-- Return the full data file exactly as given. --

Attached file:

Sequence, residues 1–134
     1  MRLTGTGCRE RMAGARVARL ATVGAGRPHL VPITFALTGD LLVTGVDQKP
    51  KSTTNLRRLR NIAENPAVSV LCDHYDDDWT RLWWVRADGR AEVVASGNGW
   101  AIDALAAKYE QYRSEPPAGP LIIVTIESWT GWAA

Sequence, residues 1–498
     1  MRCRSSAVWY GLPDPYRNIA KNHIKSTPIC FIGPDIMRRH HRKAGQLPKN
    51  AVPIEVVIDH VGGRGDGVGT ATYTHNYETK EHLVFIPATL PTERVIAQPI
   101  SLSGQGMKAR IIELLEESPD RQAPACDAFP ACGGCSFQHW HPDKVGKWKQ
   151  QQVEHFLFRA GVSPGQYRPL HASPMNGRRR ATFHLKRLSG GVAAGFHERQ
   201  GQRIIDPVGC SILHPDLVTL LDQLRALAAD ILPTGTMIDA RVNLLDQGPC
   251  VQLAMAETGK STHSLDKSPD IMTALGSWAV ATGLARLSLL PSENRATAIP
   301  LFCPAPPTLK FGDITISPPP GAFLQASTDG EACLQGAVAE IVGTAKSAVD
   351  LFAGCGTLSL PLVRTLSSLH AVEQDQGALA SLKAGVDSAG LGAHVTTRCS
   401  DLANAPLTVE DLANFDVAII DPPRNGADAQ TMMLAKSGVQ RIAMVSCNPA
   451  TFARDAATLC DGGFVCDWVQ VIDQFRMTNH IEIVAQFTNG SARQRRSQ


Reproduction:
Sequence, residues 1–134
     1  MRLTGTGCRE RMAGARVARL ATVGAGRPHL VPITFALTGD LLVTGVDQKP
    51  KSTTNLRRLR NIAENPAVSV LCDHYDDDWT RLWWVRADGR AEVVASGNGW
   101  AIDALAAKYE QYRSEPPAGP LIIVTIESWT GWAA

Sequence, residues 1–498
     1  MRCRSSAVWY GLPDPYRNIA KNHIKSTPIC FIGPDIMRRH HRKAGQLPKN
    51  AVPIEVVIDH VGGRGDGVGT ATYTHNYETK EHLVFIPATL PTERVIAQPI
   101  SLSGQGMKAR IIELLEESPD RQAPACDAFP ACGGCSFQHW HPDKVGKWKQ
   151  QQVEHFLFRA GVSPGQYRPL HASPMNGRRR ATFHLKRLSG GVAAGFHERQ
   201  GQRIIDPVGC SILHPDLVTL LDQLRALAAD ILPTGTMIDA RVNLLDQGPC
   251  VQLAMAETGK STHSLDKSPD IMTALGSWAV ATGLARLSLL PSENRATAIP
   301  LFCPAPPTLK FGDITISPPP GAFLQASTDG EACLQGAVAE IVGTAKSAVD
   351  LFAGCGTLSL PLVRTLSSLH AVEQDQGALA SLKAGVDSAG LGAHVTTRCS
   401  DLANAPLTVE DLANFDVAII DPPRNGADAQ TMMLAKSGVQ RIAMVSCNPA
   451  TFARDAATLC DGGFVCDWVQ VIDQFRMTNH IEIVAQFTNG SARQRRSQ